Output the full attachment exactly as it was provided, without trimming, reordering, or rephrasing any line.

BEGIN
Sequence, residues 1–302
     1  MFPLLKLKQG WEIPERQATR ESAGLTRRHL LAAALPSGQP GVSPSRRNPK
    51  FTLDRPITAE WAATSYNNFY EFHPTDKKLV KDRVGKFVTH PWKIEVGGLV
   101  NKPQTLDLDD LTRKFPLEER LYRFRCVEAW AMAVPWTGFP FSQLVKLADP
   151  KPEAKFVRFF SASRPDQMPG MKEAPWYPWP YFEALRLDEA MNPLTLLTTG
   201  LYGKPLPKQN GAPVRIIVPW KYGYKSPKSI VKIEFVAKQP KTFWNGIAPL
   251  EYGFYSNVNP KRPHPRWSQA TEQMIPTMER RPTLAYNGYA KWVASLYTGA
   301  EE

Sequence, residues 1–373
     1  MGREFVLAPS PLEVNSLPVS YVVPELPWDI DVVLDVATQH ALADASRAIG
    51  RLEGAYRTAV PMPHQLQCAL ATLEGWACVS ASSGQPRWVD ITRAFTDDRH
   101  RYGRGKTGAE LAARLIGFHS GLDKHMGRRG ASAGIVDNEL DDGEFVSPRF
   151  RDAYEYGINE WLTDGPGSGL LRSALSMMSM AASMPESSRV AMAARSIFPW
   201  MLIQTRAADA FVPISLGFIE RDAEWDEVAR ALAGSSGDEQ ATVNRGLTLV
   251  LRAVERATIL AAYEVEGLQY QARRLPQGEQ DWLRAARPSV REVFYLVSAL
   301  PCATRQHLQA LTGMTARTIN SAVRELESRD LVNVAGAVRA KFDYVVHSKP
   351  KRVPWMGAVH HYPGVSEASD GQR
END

Sequence, residues 1–302
     1  MFPLLKLKQG WEIPERQATR ESAGLTRRHL LAAALPSGQP GVSPSRRNPK
    51  FTLDRPITAE WAATSYNNFY EFHPTDKKLV KDRVGKFVTH PWKIEVGGLV
   101  NKPQTLDLDD LTRKFPLEER LYRFRCVEAW AMAVPWTGFP FSQLVKLADP
   151  KPEAKFVRFF SASRPDQMPG MKEAPWYPWP YFEALRLDEA MNPLTLLTTG
   201  LYGKPLPKQN GAPVRIIVPW KYGYKSPKSI VKIEFVAKQP KTFWNGIAPL
   251  EYGFYSNVNP KRPHPRWSQA TEQMIPTMER RPTLAYNGYA KWVASLYTGA
   301  EE

Sequence, residues 1–373
     1  MGREFVLAPS PLEVNSLPVS YVVPELPWDI DVVLDVATQH ALADASRAIG
    51  RLEGAYRTAV PMPHQLQCAL ATLEGWACVS ASSGQPRWVD ITRAFTDDRH
   101  RYGRGKTGAE LAARLIGFHS GLDKHMGRRG ASAGIVDNEL DDGEFVSPRF
   151  RDAYEYGINE WLTDGPGSGL LRSALSMMSM AASMPESSRV AMAARSIFPW
   201  MLIQTRAADA FVPISLGFIE RDAEWDEVAR ALAGSSGDEQ ATVNRGLTLV
   251  LRAVERATIL AAYEVEGLQY QARRLPQGEQ DWLRAARPSV REVFYLVSAL
   301  PCATRQHLQA LTGMTARTIN SAVRELESRD LVNVAGAVRA KFDYVVHSKP
   351  KRVPWMGAVH HYPGVSEASD GQR